Author(s): Chattopadhyay K, Mazumdar S
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Abstract Direct electrochemical studies on horse heart myoglobin and horseradish peroxidase (HRP) have been carried out using tin-doped indium oxide (ITO) and surfactant modified glassy carbon working electrodes. These proteins show very slow electron transfer kinetics at metal or untreated electrodes. Moreover, small amounts of surface-active impurity were drastically affects the electrode reaction of these proteins. The results showed that modification of the electrode surface with neutral surfactants significantly improves the electrochemical response of myoglobin as well as of HRP. The electrode response was found to depend on the structure of the surfactants. The amount of surfactant required per unit area of the electrode surface to promote the maximum electron transfer rate constants was found to be constant. This indicated that the surfactant molecules interacted with the electrode surface in a specific manner and anchored the protein molecules to align in the suitable orientation. The hydrophobicity of the surfactants rather than their charge was found to be crucial in promoting the electrode response of these proteins at the glassy carbon electrode.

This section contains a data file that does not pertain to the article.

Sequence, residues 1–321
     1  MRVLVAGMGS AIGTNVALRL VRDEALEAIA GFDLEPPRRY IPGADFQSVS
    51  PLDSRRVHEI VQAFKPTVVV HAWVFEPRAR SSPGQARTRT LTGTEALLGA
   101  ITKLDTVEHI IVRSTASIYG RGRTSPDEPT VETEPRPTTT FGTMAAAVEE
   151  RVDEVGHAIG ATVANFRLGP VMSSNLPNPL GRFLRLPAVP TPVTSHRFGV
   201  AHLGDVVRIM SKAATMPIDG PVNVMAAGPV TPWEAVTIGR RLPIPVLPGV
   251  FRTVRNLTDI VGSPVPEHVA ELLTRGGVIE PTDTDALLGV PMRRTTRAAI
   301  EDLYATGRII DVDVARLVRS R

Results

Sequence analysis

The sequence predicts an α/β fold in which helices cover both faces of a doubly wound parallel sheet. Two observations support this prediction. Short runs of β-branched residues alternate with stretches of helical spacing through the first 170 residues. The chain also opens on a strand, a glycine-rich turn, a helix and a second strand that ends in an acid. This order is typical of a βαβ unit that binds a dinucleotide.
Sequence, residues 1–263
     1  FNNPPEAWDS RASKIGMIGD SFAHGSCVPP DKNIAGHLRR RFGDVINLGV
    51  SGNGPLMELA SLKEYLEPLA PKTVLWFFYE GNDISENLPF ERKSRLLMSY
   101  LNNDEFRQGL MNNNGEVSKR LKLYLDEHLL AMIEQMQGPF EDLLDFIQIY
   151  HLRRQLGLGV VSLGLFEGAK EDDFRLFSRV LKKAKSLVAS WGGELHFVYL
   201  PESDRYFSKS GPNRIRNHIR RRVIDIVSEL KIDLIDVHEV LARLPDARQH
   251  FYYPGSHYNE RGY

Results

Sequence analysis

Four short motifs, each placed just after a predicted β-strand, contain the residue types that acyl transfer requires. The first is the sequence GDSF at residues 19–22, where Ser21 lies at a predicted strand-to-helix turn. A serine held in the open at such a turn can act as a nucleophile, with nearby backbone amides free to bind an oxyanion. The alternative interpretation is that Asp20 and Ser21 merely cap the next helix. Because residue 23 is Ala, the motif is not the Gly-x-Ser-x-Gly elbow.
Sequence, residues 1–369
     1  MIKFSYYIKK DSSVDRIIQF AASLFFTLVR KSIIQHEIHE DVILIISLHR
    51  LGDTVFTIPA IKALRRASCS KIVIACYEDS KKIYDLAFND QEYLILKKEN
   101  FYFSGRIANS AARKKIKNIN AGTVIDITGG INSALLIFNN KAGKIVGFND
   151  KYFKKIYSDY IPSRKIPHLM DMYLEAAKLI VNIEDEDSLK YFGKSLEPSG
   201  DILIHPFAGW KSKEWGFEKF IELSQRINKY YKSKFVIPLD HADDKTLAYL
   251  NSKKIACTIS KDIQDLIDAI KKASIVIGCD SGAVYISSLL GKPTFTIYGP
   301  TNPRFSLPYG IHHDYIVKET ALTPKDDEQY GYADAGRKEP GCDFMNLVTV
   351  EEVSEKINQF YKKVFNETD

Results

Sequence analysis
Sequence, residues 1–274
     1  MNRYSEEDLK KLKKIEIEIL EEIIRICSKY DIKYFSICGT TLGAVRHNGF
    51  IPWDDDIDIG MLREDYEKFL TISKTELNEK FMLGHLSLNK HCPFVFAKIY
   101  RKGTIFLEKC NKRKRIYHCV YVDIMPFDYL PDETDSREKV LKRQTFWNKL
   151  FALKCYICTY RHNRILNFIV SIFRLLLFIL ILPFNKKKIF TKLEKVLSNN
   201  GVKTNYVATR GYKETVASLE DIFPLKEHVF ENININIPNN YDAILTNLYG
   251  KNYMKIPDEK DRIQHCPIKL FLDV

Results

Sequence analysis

This article was published in Bioelectrochemistry
and referenced in Journal of Biosensors & Bioelectronics